Dr. Mary Alice âPinkyâ Hamilton first came to Colorado Springs in 1947 with her sister, Sally, and brother-in-law, Robert M. Stabler, as he joined the Colorado College faculty as a zoologist. A 1933 graduate of Elmira College, New York, Hamilton received her Ph.D. in physiology from Columbia University and from 1939 to 1941 did research at the University of Michigan Medical School. Hamilton became the associate lab director for the Colorado Foundation for Research in Tuberculosis from 1947 to 1952. She began to lecture in zoology at Colorado College in 1950, becoming assistant professor in 1958, associate professor in 1963, professor of biology in 1972, and retiring as professor emerita in 1977. She also assisted her brother-in-law, Robert Stabler, with research projects related to trichomoniasis in pigeons and falcons.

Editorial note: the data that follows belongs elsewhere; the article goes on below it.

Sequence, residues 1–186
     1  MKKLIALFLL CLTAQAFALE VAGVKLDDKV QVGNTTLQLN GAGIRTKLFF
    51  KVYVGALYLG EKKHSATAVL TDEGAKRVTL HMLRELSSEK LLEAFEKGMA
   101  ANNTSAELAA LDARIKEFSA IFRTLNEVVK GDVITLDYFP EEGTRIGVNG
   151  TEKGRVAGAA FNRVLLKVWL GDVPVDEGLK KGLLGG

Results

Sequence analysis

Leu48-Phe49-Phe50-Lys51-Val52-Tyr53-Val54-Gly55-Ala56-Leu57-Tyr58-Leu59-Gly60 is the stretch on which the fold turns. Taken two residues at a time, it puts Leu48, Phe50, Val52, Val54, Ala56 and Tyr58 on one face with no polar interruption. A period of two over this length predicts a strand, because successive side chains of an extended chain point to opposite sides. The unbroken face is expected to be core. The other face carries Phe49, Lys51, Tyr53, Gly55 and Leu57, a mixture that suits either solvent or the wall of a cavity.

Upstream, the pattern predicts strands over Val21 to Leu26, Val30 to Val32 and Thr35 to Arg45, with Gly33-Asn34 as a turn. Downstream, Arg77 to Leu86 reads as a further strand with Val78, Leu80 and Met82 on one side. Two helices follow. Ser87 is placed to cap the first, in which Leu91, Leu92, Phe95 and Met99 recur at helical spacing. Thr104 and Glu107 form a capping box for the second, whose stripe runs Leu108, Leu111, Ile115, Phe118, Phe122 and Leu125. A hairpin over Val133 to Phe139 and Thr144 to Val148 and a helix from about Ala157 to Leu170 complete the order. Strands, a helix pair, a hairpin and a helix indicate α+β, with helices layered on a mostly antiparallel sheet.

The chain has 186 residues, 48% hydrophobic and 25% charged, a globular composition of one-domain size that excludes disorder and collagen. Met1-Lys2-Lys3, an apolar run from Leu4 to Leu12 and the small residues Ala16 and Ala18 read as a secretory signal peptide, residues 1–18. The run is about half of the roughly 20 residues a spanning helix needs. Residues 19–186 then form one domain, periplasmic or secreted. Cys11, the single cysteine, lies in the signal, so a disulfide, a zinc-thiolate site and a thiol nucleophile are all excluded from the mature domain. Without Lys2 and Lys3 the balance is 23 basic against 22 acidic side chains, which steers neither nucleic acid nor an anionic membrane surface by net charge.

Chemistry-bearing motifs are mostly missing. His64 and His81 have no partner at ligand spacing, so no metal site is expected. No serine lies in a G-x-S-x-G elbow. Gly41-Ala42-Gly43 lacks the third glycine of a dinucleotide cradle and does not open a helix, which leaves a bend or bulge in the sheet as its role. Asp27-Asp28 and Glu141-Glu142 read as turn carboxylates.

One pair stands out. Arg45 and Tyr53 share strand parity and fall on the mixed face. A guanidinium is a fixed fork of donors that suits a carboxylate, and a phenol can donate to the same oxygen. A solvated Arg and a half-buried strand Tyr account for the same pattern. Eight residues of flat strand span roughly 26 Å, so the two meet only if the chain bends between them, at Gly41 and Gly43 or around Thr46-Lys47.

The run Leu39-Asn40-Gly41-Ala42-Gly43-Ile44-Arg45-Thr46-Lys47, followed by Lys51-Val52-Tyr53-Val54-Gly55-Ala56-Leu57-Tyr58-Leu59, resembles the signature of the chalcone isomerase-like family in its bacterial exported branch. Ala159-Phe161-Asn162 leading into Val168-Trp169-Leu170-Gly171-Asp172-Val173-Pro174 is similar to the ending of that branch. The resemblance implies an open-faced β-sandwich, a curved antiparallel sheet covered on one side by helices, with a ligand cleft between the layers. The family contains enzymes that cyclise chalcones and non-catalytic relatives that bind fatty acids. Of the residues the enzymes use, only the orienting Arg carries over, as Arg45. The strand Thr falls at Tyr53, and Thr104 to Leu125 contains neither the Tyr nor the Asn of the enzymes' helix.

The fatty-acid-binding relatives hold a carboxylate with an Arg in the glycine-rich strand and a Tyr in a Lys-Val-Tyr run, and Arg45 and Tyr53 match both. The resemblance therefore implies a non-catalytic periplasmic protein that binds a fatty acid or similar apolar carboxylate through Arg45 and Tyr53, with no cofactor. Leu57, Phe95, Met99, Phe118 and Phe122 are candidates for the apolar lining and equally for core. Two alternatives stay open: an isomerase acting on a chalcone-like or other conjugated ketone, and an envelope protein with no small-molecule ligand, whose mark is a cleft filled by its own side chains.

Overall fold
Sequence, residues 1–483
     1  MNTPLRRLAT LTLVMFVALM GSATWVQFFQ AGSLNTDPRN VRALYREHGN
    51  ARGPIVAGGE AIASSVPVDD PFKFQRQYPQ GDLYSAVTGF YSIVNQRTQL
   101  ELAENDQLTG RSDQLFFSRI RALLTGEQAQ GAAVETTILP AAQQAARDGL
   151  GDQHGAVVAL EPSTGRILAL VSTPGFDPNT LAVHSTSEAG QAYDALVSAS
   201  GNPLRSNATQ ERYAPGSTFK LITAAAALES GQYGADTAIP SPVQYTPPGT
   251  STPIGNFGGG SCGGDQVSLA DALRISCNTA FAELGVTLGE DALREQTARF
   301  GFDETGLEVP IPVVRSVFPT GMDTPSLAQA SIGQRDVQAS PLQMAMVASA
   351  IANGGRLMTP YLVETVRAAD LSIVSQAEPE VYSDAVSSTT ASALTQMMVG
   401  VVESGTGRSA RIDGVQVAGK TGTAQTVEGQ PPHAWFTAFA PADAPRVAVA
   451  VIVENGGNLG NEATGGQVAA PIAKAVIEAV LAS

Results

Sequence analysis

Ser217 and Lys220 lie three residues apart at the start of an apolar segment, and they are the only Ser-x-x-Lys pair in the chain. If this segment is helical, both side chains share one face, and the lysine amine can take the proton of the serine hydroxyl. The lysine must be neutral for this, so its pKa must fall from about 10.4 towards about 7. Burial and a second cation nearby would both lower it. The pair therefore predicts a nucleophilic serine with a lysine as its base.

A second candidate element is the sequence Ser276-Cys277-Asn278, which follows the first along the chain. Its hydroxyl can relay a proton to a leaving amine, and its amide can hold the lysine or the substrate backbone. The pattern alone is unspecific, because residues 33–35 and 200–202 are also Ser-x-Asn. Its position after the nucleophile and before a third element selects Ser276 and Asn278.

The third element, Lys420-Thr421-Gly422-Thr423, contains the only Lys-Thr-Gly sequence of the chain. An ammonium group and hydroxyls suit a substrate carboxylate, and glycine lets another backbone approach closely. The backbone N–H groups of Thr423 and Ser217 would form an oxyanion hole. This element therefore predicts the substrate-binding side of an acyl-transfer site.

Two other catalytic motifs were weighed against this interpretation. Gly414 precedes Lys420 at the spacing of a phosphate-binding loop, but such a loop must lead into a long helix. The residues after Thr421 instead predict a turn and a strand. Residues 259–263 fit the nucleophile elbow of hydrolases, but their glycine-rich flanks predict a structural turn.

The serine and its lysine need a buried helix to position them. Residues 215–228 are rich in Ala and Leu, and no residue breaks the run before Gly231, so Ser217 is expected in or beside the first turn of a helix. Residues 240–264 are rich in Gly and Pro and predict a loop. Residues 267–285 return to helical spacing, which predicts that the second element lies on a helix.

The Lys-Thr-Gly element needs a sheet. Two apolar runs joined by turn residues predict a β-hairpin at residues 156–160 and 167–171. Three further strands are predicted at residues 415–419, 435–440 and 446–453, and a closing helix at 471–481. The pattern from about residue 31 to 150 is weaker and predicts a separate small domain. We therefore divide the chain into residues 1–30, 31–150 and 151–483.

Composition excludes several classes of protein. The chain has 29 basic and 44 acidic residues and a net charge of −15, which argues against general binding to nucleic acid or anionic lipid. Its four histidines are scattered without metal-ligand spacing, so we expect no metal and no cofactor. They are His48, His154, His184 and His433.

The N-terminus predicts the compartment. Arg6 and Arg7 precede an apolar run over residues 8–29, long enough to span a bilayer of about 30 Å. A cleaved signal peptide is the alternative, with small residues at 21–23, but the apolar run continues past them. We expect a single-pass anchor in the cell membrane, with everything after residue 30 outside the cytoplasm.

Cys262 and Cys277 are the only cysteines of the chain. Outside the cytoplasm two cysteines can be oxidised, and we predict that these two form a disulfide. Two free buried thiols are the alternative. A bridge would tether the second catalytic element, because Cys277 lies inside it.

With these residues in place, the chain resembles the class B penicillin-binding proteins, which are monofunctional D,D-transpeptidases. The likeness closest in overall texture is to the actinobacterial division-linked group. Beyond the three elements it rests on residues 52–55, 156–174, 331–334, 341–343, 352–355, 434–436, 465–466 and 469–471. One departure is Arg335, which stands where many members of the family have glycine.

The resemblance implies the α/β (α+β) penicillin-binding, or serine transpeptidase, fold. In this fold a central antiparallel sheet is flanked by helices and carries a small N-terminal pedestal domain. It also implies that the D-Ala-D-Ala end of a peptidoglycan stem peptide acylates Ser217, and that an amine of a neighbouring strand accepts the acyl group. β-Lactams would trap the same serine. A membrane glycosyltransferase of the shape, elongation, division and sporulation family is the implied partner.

A prolific writer, a much sought-after speaker, and a highly respected professor, Richard Beidleman is one of Colorado College's most notable faculty members. He taught zoology from 1957-1968 and biology from 1968-1988. His research interests centered on the role of natural scientists in frontier America and Australia, and he helped author high school and junior high school biology textbooks, among approximately 250 other published works. The Colorado Springs community knows him best as a dedicated environmental activist who fought for many years for such causes as the preservation of the White House Ranch and the Garden of the Gods Park, the prevention of strip mining along Front Range quarries, and the successful League of Women Voters lawsuit against the City of Colorado Springs regarding the Palmer deeded parks. He served on the Colorado State Parks Board for eight years, including three and a half years as its chairman and succeeded, among other things, in obtaining Muehler Ranch as a state park. The Beidleman Environmental Center at Sondermann Park was established in his honor by the City of Colorado Springs.